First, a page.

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in religious truth; and there is nothing about the passage indicating that he regarded the sublime creature who had been his interpreter in any other light than as an angel. Neither does the word which the translator has rendered adore, make any difference; because it is the same word in the original which is elsewhere termed worship, and which is occasionally applied to acts of reverence that had nothing of a religious character. We see, therefore, how carefully the Scripture guards against every approach to creature-worship, even when applied by the purest of the apostles to the highest angels in heaven, where there was the least possible danger of its abuse. How inconceivable then, is it, that the worship, the prayers, the litanies, the rosaries, the novenas, incense, the love, faith, confidence, and devotion inculcated by the Church of Rome upon her multitudes, without the slightest check, and indeed with every encouragement to idolize the saints and angels, and especially the virgin Mary, could be acceptable to the Almighty King?

But Dr. Wiseman, with every other advocate of his system, although the Scripture be conclusive against him, feels strong in the fathers. And here, brethren, as in the other points of our discussion, we have reason to be thankful for the evidence of truth. Even amongst his chosen witnesses, there is enough to prove, that the corruption we are opposing was unknown to primitive Christianity, and came in by degrees, after the Roman government adopted the Church, and brought upon it the temptations of ease, and affluence, and power. I am conscious, indeed, that you must be wearied by the length of our discussion, and would willingly spare you any further citations of authority; but believing that you would rather bear with me a little longer, than have the subject dismissed without a full examination, I must present a few of those passages, in which it will be seen that the earlier witnesses of Rome testify in our favour.

We shall commence with the celebrated Chrysostom, ordained bishop of Constantinople, A. D. 398, who will give us a very clear opinion on the general principle of intercessors between us and the Lord, which is the basis of all saint and angel worship.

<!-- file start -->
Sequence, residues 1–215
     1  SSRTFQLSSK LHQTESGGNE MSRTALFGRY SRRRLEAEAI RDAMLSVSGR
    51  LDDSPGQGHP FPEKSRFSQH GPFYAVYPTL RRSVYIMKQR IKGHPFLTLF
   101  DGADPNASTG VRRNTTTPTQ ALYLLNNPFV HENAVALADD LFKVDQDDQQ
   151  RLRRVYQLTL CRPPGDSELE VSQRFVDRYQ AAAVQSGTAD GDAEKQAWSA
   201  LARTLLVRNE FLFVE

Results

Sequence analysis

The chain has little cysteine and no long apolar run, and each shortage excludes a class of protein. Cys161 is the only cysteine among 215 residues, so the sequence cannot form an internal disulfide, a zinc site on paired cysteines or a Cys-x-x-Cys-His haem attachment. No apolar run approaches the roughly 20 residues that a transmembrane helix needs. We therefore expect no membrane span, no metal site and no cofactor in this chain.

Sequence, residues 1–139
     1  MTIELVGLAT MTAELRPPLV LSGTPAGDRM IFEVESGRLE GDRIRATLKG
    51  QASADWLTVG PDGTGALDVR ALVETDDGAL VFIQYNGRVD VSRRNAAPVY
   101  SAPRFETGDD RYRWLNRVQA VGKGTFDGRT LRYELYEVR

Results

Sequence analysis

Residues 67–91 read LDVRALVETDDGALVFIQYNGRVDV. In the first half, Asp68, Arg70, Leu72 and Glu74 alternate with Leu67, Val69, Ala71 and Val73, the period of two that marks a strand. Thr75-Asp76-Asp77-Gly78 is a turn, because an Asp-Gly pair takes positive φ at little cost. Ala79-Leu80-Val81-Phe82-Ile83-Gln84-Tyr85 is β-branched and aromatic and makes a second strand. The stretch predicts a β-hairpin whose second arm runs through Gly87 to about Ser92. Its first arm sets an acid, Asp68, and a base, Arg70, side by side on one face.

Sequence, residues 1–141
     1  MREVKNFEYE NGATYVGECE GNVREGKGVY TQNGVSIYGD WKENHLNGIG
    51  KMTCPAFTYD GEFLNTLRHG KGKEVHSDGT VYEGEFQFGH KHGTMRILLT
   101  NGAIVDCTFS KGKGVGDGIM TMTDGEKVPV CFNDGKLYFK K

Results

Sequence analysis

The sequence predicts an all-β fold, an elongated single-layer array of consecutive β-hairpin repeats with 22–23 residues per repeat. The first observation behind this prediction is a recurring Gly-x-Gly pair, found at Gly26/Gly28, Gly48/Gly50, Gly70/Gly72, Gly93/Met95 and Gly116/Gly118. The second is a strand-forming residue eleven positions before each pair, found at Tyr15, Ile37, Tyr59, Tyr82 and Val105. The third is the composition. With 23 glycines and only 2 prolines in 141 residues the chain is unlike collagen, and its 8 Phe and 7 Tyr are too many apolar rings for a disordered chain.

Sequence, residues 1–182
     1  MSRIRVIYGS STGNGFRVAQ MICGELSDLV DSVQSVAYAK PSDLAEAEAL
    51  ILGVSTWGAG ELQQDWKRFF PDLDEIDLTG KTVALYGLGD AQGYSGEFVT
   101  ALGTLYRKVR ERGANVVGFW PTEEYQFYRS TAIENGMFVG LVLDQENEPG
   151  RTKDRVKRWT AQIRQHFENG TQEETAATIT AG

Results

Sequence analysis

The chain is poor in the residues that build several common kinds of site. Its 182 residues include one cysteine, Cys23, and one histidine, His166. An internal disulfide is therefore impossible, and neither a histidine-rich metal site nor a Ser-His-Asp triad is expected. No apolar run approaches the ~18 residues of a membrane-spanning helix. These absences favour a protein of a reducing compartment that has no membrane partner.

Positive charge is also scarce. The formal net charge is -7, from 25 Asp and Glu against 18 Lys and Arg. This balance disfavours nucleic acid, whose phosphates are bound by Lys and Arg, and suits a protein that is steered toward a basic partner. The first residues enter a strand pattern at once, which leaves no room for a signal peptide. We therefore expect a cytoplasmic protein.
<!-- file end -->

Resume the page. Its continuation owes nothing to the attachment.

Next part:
"When we want any thing of men," saith this eminent father, "we have need of cost and money, and servile adulation, and much going up and down, and great ado. For it falleth out oftentimes, that we cannot go straight to the lords themselves, and present our gifts and speak unto them, but it is necessary for us first to procure the favour of their ministers, and stewards, and officers,-and then, by their mediation, to obtain our request. But with God it is not thus; for there is no need of intercessors for the petitioners, neither is he so ready to give a gracious answer, when entreated by others, as by ourselves praying unto him."

Again, saith the same eminent teacher; "Mark the philosophy of the woman of Canaan. She entreats not James, she beseeches not John, neither does she come to Peter, but she breaks through the whole company of them, saying: I have no need of a mediator, but taking repentance with me for a spokeswoman, I come to the Fountain itself. For this cause did he descend, for this cause did he take flesh, that I might have boldness to speak unto him. I have no need of a mediator: Have THOU, O Lord, mercy upon me." (Finch, I.

178.)

From Chrysostom, brethren, we pass to Augustin, another of the favourite witnesses of the Church of Rome. "Mary," saith this father, 66 was more blessed in adopting the faith of Christ, than in conceiving his flesh. For when some one said to him, Blessed is the womb that bare thee, he answered; Yea, rather blessed are they that hear the Word of God and keep it. Thus her maternal relationship would have profited her

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nothing, if she had not borne Christ more blessedly in her heart than in her flesh." (Ib. 162.)

Let us next hear the sentiment of Gregory Nyssen, a bishop in the same century, but a little earlier. "The Word of God," saith this father, "hath ordained, that none of those things which have their being by creation shall be worshipped by men, as we may learn out of nearly all the divinely inspired Scriptures. Moses, the tables, the law, the prophets; afterwards, the Gospel, and the decrees of all the apostles, equally forbid our looking to the creature." (Ib. 210.)

A little earlier still, but in the fourth century, Athanasius, the bishop of Alexandria, saith: "Peter, the apostle, admonished Cornelius, who desired to worship him, saying, I also am a man. The angel in the Apocalypse admonished John who desired to worship him, saying; See thou do it not; I am thy fellow-servant, and of thy brethren the prophets, and of them that keep the sayings of this book. Worship God. Therefore it appertains to God only to be worshipped, and the angels themselves are aware of this; for although they surpass others in glory, they are all creatures, and are not beings to be worshipped, but beings who worship the Lord. The angel, therefore, admonished Manoah, the father of Sampson, who wished to sacrifice to him, saying; Offer not to me, but to God." (Ib. 192.)